The Pacific Northwest is beginning to get the type of nighttime heat waves that are routine in some other areas of the nation but historically rare in Oregon and Washington.
CORVALLIS, Ore. – A new study has found that heat waves are increasing in the western portions of the Pacific Northwest, but not the kind most people envision, with scorching hot days of temperatures reaching triple digits.
These heat waves occur at night.
Researchers documented 15 examples of “nighttime heat waves” from 1901 through 2009 and 10 of those have occurred since 1990. Five of them took place during a four-year period from 2006-09. And since the study was accepted for publication in the Journal of Applied Meteorology and Climatology, another nighttime heat wave took place at the end of this June, the authors point out.
“Most people are familiar with daytime heat waves, when the temperatures get into the 100s and stay there for a few days,” said Kathie Dello, deputy director of the Oregon Climate Service at Oregon State University and a co-author on the study. “A nighttime heat wave relates to how high the minimum temperature remains overnight.
“Daytime events are usually influenced by downslope warming over the Cascade Mountains, while nighttime heat waves seem to be triggered by humidity,” said Dello, who is in OSU’s College of Earth, Ocean, and Atmospheric Sciences. “Elevated low-level moisture at night tends to trap the heat in.”
In their study, Dello and co-authors Karin Bumbaco and Nicholas Bond from the University of Washington defined heat waves as three consecutive days of temperatures at the warmest 1 percentile over the past century. Using that standard criterion, they documented 13 examples of daytime heat waves during the time period from 1901 to 2009. Only two of those occurred in the last 20 years.
In contrast, nighttime heat waves have been clustered over the past two decades, with what appears to be accelerating frequency. A warming climate suggests the problem may worsen, studies suggest.
“If you look at nighttime temperatures in Oregon and compared them to say the Midwest, people there would laugh at the concept of a Pacific Northwest heat wave,” Dello said. “However, people in the Midwest are acclimated to the heat while in the Northwest, they are not. People in other regions of the country may also be more likely to have air conditioning in their homes.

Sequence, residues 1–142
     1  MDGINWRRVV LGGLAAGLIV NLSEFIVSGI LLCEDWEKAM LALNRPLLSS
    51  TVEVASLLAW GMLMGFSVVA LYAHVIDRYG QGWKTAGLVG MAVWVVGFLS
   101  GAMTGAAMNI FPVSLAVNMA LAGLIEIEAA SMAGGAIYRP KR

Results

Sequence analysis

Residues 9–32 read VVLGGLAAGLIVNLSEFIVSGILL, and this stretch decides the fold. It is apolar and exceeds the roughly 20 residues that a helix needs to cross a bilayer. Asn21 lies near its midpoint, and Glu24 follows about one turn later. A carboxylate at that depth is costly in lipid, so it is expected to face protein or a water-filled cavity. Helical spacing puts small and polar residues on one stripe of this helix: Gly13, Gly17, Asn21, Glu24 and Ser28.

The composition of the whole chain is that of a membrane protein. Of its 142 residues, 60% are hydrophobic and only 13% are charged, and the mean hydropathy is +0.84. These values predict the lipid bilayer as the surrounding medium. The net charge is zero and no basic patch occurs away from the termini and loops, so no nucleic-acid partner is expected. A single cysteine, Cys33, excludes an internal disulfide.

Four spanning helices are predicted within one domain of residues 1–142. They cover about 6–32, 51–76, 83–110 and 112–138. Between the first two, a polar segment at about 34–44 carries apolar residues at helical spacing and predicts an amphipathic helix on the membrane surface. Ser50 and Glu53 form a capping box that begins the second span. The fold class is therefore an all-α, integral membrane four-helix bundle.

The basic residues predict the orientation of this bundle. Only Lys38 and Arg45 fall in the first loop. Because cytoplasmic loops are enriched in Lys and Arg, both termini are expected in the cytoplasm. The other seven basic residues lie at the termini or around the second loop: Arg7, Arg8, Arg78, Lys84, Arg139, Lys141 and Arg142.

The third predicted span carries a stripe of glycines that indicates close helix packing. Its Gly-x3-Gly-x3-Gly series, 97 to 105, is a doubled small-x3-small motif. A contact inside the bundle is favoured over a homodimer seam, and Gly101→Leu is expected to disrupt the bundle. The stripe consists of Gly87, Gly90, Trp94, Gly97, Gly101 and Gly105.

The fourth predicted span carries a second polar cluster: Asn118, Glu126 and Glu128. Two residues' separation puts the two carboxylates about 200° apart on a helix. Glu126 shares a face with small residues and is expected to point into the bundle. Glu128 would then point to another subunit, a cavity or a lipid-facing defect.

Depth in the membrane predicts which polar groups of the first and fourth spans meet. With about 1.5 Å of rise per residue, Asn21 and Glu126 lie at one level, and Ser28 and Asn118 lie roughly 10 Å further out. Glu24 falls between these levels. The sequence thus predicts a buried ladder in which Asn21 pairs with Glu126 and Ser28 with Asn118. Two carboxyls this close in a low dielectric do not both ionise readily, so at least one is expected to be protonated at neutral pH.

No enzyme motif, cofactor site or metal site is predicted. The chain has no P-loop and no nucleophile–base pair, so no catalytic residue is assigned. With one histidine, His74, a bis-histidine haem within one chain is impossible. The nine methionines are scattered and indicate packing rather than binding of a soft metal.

On occasion, daytime and nighttime heat waves coincide, Dello said, as happened in 2009 when temperatures in the Pacific Northwest set all-time records in Washington (including 103 degrees at SeaTac), and temperatures in Oregon surpassed 105 degrees in Portland, Eugene, Corvallis and Medford. It was the second most-intense daytime heat wave in the last century, but lasted only three days by the 1 percentile definition.
However, that same stretch of hot weather in 2009 results in a nighttime heat wave that extended eight days, by far the longest stretch since records were kept beginning in 1901.
The latest nighttime heat wave began in late June of this year, and continued into early July, Dello said.
“Like many nighttime heat waves, a large high-pressure ridge settled in over the Northwest, while at the same time, some monsoonal moisture was coming up from the Southwest,” she pointed out. “The high swept around and grabbed enough moisture to elevate the humidity and trap the warm air at night.”
Dello frequently provides weather facts and historical data via Twitter at: www.twitter.com/orclimatesvc.
The Oregon Climate Change Research Institute is supported by the state of Oregon, U.S. Department of the Interior, National Oceanic and Atmospheric Association, and other agencies.College of Earth, Ocean, and Atmospheric Sciences Media Contact: Mark Floyd Source:
Kathie Dello, 541-737-8927
Hospice workers, who traditionally have opposed physician-assisted death, are often the caretakers of the people who use it - a difficult quandary to deal with.
The study this story is based on is available in ScholarsArchive@OSU: http://bit.ly/130Fqi3